I remember first starting work at Condé Nast Digital and Vogue Runway (then Style.com). Mine was the task of managing SMS / text messaging campaigns for fashion week. I had to consolidate the day’s happenings in a zippy phrase that fell under the number of character restrictions and met the format requirement. I poured over photos and editorial from the fashion shows–Rodarte, Gucci, Versace, Alexander Wang, Marni, and so many more. Detail shots were by far my favorite (example left, source). The zoom-in on shoes, accessories, detail, design.
I was being trained to see and talk about complexity–the zoom-in view.
The first year I lived in Europe, and two years before my Condé Nast induction, I had a modest Canon Powershot camera with me. I snapped shots wherever I went and framed up moments with more than just my eye–my whole soul got involved feeling out the moment. When I came home to visit family in the States, my uncle gifted me with a camera. He had seen my passion for both the big picture and detail and wanted to invest in me. The new Sony camera wasn’t a DSLR, but it was light years ahead in the quality of images it produced, and to boot–it had an incredible zoom (see right for one of the shots it took). To this day, when I take images of anything at all, the zoom feature is my favorite.
I naturally gravitate toward the zoom-in and detail view. Several months ago, I stood with Greg at a lookout in my neighborhood of West Seattle and took in the skyline. “If you were to zoom-in anywhere here, where would you zoom-in?” I asked him. When I answered my own question, I think I picked one of the ferry boats, zooming-in on the people like dolls in a dollhouse sitting on the plastic boat seats, tapping on their phones or spacing out over the nighttime waters.
What you naturally see first has its benefits, as well as its shadow side.
One of my colleagues at Xerox Global Learning Services was talking with me about the project we were working on. She shared that she was often overwhelmed by the details of the project plan and had trouble seeing the big picture. We talked about the old adage of “not being able to see the forest for the trees” (image source).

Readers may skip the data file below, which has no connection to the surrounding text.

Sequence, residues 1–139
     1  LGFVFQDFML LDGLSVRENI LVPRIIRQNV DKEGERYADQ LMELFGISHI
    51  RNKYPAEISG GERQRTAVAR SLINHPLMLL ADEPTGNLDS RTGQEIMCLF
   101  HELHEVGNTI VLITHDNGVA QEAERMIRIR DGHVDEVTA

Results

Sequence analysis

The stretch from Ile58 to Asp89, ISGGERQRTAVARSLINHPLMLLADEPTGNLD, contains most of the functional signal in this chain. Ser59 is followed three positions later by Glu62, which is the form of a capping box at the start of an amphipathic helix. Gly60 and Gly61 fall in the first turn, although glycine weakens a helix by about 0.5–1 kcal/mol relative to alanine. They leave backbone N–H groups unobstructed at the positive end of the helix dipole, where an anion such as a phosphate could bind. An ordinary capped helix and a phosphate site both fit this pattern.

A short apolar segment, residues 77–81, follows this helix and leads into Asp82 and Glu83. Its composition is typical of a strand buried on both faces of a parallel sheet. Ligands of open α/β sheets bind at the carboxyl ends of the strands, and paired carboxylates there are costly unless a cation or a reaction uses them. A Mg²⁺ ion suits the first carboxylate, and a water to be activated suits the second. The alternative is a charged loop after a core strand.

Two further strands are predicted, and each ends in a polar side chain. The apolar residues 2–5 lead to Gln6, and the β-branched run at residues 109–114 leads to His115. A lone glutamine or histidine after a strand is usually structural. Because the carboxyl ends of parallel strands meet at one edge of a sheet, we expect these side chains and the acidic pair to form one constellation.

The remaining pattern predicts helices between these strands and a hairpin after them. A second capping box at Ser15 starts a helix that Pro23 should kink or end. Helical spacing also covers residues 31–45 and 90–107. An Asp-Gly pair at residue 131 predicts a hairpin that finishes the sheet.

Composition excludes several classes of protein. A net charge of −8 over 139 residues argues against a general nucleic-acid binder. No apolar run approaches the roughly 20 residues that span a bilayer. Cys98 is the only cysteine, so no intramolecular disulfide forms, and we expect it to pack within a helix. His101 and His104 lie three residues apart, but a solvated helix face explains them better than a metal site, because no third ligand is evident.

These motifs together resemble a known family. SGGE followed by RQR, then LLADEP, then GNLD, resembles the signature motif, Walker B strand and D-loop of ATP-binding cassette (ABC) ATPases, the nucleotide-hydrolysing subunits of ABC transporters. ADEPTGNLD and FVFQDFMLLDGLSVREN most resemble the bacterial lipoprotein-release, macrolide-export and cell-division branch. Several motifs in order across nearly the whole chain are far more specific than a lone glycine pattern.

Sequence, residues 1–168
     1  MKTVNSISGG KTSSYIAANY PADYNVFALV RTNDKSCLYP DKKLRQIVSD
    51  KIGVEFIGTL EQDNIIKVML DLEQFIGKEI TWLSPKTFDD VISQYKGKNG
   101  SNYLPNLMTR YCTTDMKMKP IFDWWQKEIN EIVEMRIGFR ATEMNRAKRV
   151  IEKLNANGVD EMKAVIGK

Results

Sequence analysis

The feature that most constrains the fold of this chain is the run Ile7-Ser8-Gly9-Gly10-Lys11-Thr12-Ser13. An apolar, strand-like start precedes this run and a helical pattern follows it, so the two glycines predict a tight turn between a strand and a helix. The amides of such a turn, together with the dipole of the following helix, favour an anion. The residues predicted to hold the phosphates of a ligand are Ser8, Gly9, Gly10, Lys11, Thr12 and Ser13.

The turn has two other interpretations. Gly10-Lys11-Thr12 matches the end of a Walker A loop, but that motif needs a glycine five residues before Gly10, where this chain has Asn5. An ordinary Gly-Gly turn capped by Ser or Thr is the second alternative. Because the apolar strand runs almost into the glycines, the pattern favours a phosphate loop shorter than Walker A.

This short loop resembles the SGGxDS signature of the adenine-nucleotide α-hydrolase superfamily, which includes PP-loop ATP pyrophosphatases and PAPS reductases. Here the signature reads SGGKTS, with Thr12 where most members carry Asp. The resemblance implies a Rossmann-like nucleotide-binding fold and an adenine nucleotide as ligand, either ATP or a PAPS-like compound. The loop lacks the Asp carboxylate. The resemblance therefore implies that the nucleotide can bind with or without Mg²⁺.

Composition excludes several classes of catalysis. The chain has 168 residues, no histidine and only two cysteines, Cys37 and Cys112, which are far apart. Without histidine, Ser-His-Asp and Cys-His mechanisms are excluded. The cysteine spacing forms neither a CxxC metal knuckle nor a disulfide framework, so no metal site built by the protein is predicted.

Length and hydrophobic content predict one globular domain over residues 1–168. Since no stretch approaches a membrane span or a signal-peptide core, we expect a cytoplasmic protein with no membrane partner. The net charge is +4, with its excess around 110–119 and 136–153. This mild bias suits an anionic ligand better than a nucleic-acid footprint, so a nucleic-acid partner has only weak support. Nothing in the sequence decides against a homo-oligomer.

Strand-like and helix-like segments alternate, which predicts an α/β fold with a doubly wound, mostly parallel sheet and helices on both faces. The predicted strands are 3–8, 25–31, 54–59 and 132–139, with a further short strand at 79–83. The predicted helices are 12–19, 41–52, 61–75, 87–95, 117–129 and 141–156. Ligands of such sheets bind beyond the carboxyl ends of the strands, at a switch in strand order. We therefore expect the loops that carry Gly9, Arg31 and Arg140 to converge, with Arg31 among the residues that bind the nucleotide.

The benefit of zooming-in on life is getting to see nuance, complexity–the detail of significance and uniqueness. The downside is that you can often get caught up there and miss the interconnected intricacy of the big picture’s design.
I met Caleb (pictured left) at a friend’s birthday party this past week. He talked about a two-week road trip that he and his wife took cross-country when she was moving from her medical residency in the midwest to the Pacific Northwest. He said that the road trip changed him. He hasn’t seen the world the same since. I asked him to tell me more about what he meant. He said that he was still digesting and was having trouble putting words around it. As he stood there thinking and trying to describe to me what he meant, I could see it in his face that it was as big of an experience in his life as he said it was. “The world is different when there’s cliffs like that… those mountains….” His experience of the details of earth’s topography had deeply impacted him–including experiencing the variance and breadth of it over the time and distance he covered.
Caleb’s story tells me that there is life to be seen in taking in both the forest and the trees–the details and the distance. How can we see both? How can we take it all in?
Much like engaging optical illusions, we can train our eyes and all of our senses to pull in both the big-picture and the zoom-in views. How? I think one way is through learning from others’ perspectives. Remember the time you looked an optical illusion and asked the person beside you–“what do you see?” Learning from what others naturally see is a first step to seeing the world more fully. Another way might be to hit the road ourselves–see more, notice more, and use our senses as much to their capacity as we possibly can.